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Enda Bowe celebrates humanity and social diversity

01 ENDA BOWE

Enda Bowe’s works are being presented through exhibitions as well as publications of photographic monographs.

Enda’s work has been exhibited in galleries including Douglas Hyde Gallery, Dublin, the Victoria & Albert Museum, London, Red hook Gallery, New York, The Visual Centre of Contemporary Art, Carlow, National Portrait Gallery, London, Fotohof, Salzburg, Gallery of Photography, Dublin, and Fotomuseum, Winterthur. He published four books; Coast, Kilburn Cherry, At Mirrored River, and This Thing l Want, I Know Not What.

He received awards including the Zurich Portrait Prize from the National Gallery Ireland, Taylor Wessing Portrait Prize from the National Portrait Gallery, London, and the Brigid Skiold Artist Award from the Whitechapel Gallery, London.

The photographer, as his works are clearly proving, are concerned with storytelling and the research for light and beauty in what is ordinary. 

About ‘Clapton Blossom’ – words by Enda Bowe:

Set on a housing estate in East London, Clapton Blossom is a celebration of humanity and social diversity at a time when walls are being built between nations and political dialogue encourages to mistrust each other.

He is inspired by the series of ten short films by late Polish Director, Krzysztof Kieślowski’s Dekalog, in which each film portrays a different resident of the same housing estate in Warsaw. Kieślowski illustrates how, although characters do not know each other, their lives become subtly intertwined by facing emotional dilemmas that are deeply personal as well as universally human.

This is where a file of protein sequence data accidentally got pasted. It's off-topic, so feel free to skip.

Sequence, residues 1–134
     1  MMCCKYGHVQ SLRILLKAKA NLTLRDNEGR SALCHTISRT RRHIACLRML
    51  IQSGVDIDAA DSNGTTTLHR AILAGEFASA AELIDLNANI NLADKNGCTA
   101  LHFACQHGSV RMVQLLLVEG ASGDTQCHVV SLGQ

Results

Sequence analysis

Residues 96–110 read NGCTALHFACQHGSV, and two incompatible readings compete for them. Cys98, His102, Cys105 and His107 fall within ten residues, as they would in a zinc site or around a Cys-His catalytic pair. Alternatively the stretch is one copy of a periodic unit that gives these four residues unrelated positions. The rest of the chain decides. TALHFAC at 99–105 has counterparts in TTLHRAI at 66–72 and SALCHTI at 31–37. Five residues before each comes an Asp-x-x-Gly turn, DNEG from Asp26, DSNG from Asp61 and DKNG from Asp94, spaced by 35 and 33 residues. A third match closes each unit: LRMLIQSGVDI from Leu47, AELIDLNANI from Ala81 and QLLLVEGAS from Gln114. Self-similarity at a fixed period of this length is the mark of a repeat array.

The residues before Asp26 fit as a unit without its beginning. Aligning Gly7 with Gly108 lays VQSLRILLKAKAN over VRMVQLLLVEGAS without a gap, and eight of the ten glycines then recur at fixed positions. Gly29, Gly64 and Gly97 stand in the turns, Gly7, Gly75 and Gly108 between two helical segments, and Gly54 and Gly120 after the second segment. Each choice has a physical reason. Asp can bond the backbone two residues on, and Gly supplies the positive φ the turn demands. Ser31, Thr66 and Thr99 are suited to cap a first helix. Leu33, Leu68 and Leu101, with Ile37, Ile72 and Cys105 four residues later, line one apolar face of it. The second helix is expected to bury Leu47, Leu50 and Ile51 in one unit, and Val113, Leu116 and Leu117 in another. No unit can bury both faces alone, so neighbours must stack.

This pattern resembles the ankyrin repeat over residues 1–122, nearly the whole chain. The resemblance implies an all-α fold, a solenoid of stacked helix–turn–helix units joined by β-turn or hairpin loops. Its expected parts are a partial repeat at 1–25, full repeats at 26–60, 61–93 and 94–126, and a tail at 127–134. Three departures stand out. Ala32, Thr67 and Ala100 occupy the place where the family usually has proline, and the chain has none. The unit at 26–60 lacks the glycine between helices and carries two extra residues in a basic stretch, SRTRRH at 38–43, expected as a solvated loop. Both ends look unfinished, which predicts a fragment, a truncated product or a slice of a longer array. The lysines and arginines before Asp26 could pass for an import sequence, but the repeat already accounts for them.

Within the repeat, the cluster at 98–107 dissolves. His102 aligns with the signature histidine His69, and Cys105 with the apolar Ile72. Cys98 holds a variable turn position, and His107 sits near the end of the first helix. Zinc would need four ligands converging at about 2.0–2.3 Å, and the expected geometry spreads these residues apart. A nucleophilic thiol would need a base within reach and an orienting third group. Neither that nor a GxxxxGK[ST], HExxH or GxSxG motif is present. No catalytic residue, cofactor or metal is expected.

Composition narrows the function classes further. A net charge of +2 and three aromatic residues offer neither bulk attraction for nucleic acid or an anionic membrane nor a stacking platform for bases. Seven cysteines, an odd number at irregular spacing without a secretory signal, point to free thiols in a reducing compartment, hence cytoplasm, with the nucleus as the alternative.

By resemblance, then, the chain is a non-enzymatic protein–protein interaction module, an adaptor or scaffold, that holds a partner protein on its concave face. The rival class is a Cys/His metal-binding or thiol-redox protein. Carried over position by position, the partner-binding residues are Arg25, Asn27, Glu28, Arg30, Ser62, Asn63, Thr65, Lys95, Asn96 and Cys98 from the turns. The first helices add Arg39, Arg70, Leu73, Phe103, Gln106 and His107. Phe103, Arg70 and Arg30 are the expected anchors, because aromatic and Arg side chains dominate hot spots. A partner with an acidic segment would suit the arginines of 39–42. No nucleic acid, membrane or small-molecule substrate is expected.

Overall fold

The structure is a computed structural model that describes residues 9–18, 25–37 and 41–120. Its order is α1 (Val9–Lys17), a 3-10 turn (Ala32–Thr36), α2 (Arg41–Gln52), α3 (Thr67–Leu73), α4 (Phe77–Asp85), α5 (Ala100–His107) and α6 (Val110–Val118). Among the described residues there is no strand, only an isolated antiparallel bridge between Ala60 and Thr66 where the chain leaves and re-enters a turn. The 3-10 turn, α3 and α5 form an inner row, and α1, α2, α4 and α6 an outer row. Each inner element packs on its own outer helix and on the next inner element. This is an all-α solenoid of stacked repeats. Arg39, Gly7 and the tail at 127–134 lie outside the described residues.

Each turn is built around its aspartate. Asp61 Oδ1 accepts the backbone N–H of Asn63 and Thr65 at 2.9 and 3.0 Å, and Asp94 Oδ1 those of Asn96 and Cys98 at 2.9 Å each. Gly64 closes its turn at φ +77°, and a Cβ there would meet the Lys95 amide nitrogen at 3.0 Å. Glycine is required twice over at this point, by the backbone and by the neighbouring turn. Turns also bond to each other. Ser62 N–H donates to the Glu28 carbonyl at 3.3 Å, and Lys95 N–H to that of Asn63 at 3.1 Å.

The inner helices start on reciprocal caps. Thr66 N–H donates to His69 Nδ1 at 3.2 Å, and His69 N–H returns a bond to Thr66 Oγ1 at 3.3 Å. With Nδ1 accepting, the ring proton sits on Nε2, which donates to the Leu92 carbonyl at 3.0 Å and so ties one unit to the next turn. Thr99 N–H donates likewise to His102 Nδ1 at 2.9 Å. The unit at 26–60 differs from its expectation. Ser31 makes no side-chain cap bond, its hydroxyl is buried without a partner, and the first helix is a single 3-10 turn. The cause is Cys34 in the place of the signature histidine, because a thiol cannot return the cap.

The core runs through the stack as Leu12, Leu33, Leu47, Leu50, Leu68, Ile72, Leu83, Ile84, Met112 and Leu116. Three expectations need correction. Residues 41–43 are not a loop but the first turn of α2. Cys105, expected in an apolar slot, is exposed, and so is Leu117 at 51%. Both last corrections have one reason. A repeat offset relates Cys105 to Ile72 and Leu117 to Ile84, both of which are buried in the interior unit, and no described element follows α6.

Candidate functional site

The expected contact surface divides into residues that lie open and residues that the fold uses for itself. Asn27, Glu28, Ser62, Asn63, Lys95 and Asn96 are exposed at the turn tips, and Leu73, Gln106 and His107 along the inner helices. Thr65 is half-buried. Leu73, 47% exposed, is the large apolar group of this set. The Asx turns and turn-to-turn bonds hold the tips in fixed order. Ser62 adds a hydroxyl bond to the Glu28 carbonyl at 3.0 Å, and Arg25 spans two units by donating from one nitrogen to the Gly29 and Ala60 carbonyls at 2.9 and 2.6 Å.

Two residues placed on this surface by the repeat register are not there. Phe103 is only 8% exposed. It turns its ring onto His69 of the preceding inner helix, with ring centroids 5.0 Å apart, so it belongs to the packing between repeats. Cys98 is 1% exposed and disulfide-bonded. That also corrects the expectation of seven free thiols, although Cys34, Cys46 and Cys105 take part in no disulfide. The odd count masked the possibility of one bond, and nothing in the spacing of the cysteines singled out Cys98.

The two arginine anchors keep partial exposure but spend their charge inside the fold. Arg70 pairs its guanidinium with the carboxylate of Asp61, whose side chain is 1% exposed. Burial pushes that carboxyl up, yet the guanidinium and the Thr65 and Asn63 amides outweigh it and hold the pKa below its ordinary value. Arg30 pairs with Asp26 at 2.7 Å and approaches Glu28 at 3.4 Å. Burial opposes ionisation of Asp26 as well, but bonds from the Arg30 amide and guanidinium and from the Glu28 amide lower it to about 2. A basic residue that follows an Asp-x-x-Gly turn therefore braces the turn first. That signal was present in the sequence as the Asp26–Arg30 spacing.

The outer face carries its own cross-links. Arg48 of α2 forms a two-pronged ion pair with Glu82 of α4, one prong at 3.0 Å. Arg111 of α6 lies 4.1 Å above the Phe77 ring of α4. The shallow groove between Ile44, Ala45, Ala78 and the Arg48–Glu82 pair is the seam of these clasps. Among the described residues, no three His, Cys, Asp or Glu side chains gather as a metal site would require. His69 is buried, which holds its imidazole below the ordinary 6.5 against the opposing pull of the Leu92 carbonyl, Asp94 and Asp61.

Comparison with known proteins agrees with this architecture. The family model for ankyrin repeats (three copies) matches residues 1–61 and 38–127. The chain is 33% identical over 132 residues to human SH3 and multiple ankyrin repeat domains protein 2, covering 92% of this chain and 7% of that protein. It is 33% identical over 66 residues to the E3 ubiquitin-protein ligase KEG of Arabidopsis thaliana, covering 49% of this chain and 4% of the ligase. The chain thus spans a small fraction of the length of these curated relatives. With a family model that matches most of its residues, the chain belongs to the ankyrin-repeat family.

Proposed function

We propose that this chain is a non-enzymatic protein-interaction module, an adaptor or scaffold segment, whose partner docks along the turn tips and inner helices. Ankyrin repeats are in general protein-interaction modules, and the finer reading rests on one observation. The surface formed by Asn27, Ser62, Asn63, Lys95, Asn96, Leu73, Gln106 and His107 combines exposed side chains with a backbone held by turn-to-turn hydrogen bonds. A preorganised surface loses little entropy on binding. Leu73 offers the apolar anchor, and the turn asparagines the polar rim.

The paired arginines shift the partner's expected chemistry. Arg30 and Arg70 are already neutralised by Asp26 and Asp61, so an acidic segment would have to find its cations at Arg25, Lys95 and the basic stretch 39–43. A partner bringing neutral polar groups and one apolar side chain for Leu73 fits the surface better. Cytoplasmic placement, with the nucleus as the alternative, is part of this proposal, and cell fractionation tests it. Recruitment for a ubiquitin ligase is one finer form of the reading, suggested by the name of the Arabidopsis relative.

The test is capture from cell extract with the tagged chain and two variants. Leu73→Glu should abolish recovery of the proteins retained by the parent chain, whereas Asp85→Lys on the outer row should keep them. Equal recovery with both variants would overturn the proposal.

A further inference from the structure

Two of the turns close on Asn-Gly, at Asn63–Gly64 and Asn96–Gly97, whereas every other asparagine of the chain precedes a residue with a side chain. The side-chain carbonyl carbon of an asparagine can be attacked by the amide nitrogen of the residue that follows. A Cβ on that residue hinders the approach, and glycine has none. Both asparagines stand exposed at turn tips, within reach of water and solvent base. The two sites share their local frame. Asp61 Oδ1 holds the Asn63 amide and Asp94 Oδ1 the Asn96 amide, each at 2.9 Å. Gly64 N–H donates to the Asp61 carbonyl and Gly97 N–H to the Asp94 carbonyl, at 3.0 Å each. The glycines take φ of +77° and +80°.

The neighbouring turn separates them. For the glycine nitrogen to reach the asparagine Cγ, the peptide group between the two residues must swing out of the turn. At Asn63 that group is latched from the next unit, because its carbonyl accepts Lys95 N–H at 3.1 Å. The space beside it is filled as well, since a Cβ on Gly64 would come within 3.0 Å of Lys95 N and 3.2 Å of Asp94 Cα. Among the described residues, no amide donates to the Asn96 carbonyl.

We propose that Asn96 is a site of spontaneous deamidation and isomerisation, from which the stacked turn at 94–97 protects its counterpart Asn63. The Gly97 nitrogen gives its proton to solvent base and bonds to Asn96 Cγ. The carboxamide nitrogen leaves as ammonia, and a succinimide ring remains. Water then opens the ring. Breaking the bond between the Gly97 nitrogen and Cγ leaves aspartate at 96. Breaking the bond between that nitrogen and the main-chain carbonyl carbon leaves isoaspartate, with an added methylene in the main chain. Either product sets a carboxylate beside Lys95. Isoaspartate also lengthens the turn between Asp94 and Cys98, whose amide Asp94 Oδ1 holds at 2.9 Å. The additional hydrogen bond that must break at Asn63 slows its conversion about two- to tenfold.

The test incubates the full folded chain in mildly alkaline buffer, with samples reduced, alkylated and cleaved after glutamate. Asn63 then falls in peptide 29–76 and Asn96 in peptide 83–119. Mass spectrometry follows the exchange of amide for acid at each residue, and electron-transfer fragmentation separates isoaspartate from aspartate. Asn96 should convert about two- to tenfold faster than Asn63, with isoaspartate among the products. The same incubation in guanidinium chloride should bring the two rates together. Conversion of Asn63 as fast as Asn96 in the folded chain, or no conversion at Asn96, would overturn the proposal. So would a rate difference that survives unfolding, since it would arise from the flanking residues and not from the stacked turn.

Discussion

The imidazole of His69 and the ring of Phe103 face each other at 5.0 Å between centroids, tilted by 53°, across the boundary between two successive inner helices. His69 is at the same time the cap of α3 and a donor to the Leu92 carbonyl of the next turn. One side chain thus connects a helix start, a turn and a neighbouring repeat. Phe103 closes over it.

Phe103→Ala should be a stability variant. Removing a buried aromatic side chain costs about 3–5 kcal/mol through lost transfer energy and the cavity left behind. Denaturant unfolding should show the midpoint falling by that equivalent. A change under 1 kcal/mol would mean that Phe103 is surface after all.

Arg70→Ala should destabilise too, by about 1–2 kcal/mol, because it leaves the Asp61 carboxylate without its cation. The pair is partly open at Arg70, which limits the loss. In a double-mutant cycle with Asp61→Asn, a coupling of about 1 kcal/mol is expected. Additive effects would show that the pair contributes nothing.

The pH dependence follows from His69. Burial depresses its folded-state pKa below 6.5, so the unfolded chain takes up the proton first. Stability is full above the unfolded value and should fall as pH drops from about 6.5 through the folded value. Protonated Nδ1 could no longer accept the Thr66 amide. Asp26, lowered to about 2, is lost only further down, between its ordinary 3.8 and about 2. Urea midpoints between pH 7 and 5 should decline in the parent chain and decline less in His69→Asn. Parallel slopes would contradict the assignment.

These portraits reverse the standard narrative of estates thought as grim grey urban places, showing the evident beauty and vulnerability in each person photographed, the back of a head, eyes closed, an open, unguarded expression, hinting at the universality of human experience. The portraits celebrate multiculturalism, the beauty and the heart of humanity.

This concept is further symbolised by the cherry tree which acts as the connecting point at the center of the estate, intersecting the overlapping lives of local people who experience that every day or eventually see from their windows. The explosion of blossom reminds us of the democratic and leveling beauty of nature. Enhancing the lives of everyone who passes by it, connecting, giving, it does not ask who we are nor where we are from. The tree and flowers evoke a psychic commonality. Highlighting the beauty in nature, we are asked to see the beauty in ourselves and in each other.

Time to read
2 min
Words by
Staff
Published on
6 November 2019
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